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[Axiom-developer] RE: special functions

From: Bill Page
Subject: [Axiom-developer] RE: special functions
Date: Mon, 30 Jan 2006 18:27:36 -0500


I think it is best if we try to keep the discussion on the
email lists (either axiom-developer or axiom-math) so that
other people can contribute.

On January 30, 2006 3:57 PM you wrote:
> 1.  Your code in the SandBox does not allow for gamma(0,x),
> i.e. where a=0 (the link for some reason is down right now
> so perhaps you have changed things a bit but this is from
> viewing it yesterday).

There is an intermitant problem with the server. It should be
working now. I think the case of a=0 is handled correctly.

> 2.  To not use the symbolic capabilities of Axiom to 
> numerically compute Gamma seams quite a waste.

I am not quite sure what you mean by "use symbolic capabilities
to numerically compute"? This phrase does not seem to make sense
to me. Could you please explain?

> The continued fraction in equation 6.2.7 in NR is based upon
> 100s of years of work.  NR creates a good algorithm however my
> understanding is that a CAS can simply do more than a Fortran,
> or C numerical cranking code program.

No, I don't think so. Numerical evaluation is the same whether
it is done in Fortran or in SPAD. Actually the word "numerical"
is often miss-used. Really the distinction is between "exact"
and "approximate". Computer algebra systems (CAS) are designed
to be good at exact or symbolic computation but can usually also
do various kinds of approximate or numeric calculation. Fortran
is not so good at symbolic computation, but it is possible.

Perhaps to over state this issue a little: Really there is no
such thing as numeric computation (except perhaps for the
analog simulation engines which are very little used today).
All computation on a digital computer is symbolic by it's very
nature. What we call "numeric" is really just a very specialize
kind of symoblic calculation that is especially suited to
approximate calculations that take account of the technical
limitations of the hardware (memory and word size).

> This is why I spent time creating a c-fraction for this
> function.  So why recreate what has already been done.  

But the code from NR *does* use the continued fraction
method of evaluation the incomplete gamma function!

Axiom's ContinueFraction domain is something else. It's
purpose is to represent a continued fraction in it's full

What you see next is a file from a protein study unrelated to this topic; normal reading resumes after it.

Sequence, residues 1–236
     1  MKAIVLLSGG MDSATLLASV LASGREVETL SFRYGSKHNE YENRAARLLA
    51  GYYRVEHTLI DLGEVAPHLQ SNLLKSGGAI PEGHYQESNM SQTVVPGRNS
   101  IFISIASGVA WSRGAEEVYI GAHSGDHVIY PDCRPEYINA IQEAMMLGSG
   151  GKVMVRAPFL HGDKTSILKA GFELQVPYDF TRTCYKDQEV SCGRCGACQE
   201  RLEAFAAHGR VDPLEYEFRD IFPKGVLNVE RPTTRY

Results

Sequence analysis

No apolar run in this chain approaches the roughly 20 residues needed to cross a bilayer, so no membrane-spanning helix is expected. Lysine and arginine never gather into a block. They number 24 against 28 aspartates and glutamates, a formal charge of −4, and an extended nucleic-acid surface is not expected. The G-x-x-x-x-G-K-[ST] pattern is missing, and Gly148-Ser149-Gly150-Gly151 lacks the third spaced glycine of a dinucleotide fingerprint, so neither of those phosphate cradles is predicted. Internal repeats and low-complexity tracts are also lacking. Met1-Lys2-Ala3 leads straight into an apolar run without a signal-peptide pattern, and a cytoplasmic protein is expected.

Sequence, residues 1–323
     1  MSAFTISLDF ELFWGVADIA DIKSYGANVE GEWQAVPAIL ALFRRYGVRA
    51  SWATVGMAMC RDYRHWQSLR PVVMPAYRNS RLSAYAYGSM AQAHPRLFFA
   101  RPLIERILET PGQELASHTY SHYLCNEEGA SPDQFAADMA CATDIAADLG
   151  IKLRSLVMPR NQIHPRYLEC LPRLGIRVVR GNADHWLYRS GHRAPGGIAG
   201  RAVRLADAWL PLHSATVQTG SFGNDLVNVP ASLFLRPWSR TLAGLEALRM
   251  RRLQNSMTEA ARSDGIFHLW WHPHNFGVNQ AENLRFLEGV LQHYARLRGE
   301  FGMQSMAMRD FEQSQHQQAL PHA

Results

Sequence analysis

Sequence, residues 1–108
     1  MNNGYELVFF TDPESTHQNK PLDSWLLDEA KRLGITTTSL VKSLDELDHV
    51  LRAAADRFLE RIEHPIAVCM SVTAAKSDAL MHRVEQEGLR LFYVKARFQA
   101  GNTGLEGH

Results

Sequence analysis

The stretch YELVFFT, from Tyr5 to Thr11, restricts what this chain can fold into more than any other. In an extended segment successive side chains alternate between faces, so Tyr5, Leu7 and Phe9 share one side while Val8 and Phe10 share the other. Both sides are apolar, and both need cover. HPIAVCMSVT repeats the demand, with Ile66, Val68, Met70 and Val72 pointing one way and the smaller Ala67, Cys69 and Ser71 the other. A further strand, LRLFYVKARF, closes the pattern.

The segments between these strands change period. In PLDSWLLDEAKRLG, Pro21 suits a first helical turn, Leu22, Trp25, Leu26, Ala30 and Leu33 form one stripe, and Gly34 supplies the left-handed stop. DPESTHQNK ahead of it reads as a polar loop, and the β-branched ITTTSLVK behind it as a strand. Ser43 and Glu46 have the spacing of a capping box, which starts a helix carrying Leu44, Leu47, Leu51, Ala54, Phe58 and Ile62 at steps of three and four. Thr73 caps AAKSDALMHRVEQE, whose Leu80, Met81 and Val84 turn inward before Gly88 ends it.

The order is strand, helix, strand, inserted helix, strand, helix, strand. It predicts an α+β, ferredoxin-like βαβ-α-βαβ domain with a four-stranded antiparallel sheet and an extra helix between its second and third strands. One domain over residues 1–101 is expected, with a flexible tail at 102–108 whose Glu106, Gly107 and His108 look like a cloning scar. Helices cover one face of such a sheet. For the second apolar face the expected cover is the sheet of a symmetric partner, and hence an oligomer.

*exact* infinite form. That's why it is specified in terms
of Streams (infinite lists). Of course this does not mean that
we need infinite memory. Instead what we have is an algorithm
that can produce as many aproximants as we desire and/or have
time and memory available. What you were writing is not a
numerical method, it is really a method for the *exact*
representation of the incomplete Gamma function.

You should read especially the section in the Axiom book
section 9.12 (page 498) about ContinuedFraction. It is important
to understand in what sense the continued fraction:

z := continuedFraction(3,repeating [1],repeating [3,6])

represents sqrt(11) *exactly*. In principle it is possible to
define exactly what one means by

  z*z = continuedFraction(11)

symbolically (exactly). Similarly you could take your
continuedFraction expression for gamma(a,x) and then


is an exact expression.

Then from such exact expressions one can extract the desired
approximant as needed.

All of this is only "in principle" however because Axiom's
ContinuedFraction domain has some serious limitations.

Also, there are some other methods besides continued fractions
that might be a better representation for exact reals.

> 3.  That is can't Axiom feed gfortran (I am a linux user) etc.
> a code and it can do that dirty work- even using GMP to get
> arbitrary precision.

Axiom already uses GMP.

> Axiom should be able to do other tasks like first symbolically
> calculate a function use it in a symbolic calculation,
> convert the fraction to another one etc. and find the nth
> order convergent symbolically and then feed other programs
> the numerical work. This is my feeling.  

I agree with your feeling, but I am not entirely sure how to
put it into practice.

> Fortran, C, etc. have had so many man hours spent trying to
> make them extremely good at computing that it seams only fair
> to use them and to work on tasks that they simply cannot perform -
> symbolic manipulations.    

As I said above, I think that is not "exactly" true. :)

Bill Page.

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